Fonts
The next major problem is sorting out the fonts. Just because your document prints fine on your printer does not mean that lulu’s book printer will also print it correctly. What you want is for all the fonts to be fully embedded into the document. There are a few tricks to make this happen. First up build your dvi file as per normal:

latex thesis.tex

Ok, now build the ps file using the pdf and G0 options. I’m not sure if the G0 option is really necessary, but I’ve never found it to cause any problem either:

dvips -Ppdf -G0 thesis.dvi -o

Now we get to the key step: forcing all the fonts to fully embed into the pdf:

ps2pdf13 -dEmbedAllFonts=true -dSubsetFonts=false -dPDFSETTINGS=/printer thesis.ps

(that’s one line of course) I used ps2pdf13 to force the output to version 1.3 = Acrobat 4.0 format. I heard that this tends to work best with lulu rather than newer formats. In any case it didn’t cause me any problems.

The first two options are obvious, embed all the fonts and don’t just subset embed them. Strangely, some fonts still won’t be embedded! The reason is that very common fonts are assumed to be present on all printers and so get skipped. Lulu doesn’t like this and demands these to be embedded also. With the third option to prepare for printing the remaining fonts will also be embedded. Problem fixed.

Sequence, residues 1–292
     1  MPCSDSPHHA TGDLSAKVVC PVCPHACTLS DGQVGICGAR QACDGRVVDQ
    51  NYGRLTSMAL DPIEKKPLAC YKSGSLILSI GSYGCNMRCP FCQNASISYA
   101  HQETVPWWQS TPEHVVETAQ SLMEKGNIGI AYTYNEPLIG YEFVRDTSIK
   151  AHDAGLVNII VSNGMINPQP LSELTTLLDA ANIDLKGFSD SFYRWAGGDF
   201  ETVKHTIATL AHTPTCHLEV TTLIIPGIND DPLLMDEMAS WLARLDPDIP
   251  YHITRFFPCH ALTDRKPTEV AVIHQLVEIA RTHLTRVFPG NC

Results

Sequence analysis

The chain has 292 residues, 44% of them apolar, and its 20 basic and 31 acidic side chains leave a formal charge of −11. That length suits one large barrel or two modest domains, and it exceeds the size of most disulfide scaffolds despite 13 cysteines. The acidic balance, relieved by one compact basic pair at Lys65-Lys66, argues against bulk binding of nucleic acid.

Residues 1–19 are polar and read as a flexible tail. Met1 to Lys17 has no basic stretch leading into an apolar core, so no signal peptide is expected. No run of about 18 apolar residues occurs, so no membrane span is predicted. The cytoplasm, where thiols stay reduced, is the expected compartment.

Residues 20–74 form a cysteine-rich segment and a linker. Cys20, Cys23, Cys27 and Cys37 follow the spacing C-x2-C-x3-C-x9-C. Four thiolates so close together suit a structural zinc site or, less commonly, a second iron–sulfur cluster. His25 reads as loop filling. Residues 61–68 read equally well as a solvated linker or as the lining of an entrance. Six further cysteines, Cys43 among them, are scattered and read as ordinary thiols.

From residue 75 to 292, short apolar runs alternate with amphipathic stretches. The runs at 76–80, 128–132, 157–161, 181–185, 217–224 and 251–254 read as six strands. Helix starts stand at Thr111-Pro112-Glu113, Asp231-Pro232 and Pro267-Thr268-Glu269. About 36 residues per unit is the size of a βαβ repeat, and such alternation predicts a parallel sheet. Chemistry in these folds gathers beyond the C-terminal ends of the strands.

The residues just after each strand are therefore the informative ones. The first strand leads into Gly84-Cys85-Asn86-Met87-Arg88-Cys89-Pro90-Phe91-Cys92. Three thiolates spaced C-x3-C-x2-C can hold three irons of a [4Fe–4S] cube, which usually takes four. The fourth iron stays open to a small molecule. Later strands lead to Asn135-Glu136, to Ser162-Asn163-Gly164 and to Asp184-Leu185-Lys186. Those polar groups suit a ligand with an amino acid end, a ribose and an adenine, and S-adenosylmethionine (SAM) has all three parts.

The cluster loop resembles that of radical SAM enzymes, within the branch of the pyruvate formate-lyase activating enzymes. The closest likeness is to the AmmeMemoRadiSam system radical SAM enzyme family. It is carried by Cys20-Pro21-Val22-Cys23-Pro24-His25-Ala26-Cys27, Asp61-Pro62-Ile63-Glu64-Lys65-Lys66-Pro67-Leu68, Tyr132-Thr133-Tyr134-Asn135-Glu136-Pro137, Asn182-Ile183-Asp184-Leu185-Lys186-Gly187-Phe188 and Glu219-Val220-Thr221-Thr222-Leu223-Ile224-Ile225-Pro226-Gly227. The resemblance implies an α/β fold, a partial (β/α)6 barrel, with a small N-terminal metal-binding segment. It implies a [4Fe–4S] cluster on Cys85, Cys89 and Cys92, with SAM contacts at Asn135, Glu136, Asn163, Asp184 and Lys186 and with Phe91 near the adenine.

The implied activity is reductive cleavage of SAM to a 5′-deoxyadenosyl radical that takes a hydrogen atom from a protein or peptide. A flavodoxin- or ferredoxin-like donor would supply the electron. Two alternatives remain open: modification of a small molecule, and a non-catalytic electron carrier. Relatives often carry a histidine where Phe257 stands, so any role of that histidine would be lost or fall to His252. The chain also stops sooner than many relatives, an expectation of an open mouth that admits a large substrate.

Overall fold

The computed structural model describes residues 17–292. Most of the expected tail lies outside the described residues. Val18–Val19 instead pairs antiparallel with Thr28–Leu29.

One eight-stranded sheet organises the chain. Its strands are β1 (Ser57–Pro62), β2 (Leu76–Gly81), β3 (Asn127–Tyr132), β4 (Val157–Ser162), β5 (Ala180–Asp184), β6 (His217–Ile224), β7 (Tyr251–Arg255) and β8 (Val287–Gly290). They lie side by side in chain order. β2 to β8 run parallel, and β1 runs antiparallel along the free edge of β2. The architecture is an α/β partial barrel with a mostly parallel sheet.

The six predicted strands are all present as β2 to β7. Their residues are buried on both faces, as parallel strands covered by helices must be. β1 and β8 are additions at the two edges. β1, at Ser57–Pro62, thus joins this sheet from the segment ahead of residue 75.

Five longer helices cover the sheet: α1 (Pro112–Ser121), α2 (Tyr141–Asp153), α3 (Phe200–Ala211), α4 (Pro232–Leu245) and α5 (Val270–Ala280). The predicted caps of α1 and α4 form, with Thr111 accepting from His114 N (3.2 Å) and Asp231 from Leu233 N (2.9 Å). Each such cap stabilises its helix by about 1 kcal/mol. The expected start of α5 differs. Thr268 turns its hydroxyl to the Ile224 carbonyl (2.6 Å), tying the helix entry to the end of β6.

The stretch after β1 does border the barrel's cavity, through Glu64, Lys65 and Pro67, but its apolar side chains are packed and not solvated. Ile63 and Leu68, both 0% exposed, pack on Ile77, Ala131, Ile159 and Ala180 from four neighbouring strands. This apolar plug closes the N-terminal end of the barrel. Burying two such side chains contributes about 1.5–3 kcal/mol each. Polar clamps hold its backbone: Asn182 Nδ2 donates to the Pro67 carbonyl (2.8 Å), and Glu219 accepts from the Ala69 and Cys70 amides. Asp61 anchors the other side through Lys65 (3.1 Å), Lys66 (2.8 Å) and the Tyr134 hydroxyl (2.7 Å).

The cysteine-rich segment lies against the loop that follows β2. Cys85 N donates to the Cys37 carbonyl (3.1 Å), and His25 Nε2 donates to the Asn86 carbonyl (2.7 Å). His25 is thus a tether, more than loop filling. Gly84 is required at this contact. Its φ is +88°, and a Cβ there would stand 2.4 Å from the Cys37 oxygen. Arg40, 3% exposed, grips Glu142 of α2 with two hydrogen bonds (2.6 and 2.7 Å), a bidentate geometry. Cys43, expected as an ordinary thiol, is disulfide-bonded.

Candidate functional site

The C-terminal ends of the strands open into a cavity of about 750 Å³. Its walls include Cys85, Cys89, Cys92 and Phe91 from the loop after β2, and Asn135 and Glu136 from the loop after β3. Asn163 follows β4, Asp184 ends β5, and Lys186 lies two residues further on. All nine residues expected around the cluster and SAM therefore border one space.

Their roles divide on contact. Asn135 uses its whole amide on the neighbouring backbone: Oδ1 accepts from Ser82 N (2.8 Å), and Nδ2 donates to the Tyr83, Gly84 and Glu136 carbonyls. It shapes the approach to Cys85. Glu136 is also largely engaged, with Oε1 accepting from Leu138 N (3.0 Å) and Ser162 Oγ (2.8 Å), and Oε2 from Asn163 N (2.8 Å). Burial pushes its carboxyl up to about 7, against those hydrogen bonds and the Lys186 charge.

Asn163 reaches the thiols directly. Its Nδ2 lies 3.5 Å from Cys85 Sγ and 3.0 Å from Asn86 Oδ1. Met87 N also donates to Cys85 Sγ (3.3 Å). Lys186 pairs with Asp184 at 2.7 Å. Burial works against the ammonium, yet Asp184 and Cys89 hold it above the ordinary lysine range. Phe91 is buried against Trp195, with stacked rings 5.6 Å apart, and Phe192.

Ok, now let’s check that the fonts really are fully embedded:

pdffonts thesis.pdf

Under “emb” should all be “yes” and under “sub” should all be “no”.  Great, all your fonts are now lulu compliant. You can use any weird fonts you want with lulu, so long as you embed them. Crazy ass custom math symbols… no problem!

Now, let’s check that everything looks right. I suggest installing and using acrobat reader for this. It’s free and it’s the definitive viewer for pdf correctness.

acroread thesis.pdf

Now turn off the local fonts to ensure that you’re only viewing the document with the embedded ones. In my version of reader through the menu bar it’s:

edit->preferences->page display->use local fonts = false

At this point you might want to spend some time flicking through the pages of your document checking that things look the way you expect them too. Time well spent.

Page numbering
Now, let’s check that the pages are in the right places. Set to two page view with a cover page:

view->page display->show cover page during two up = true

view->page display->two up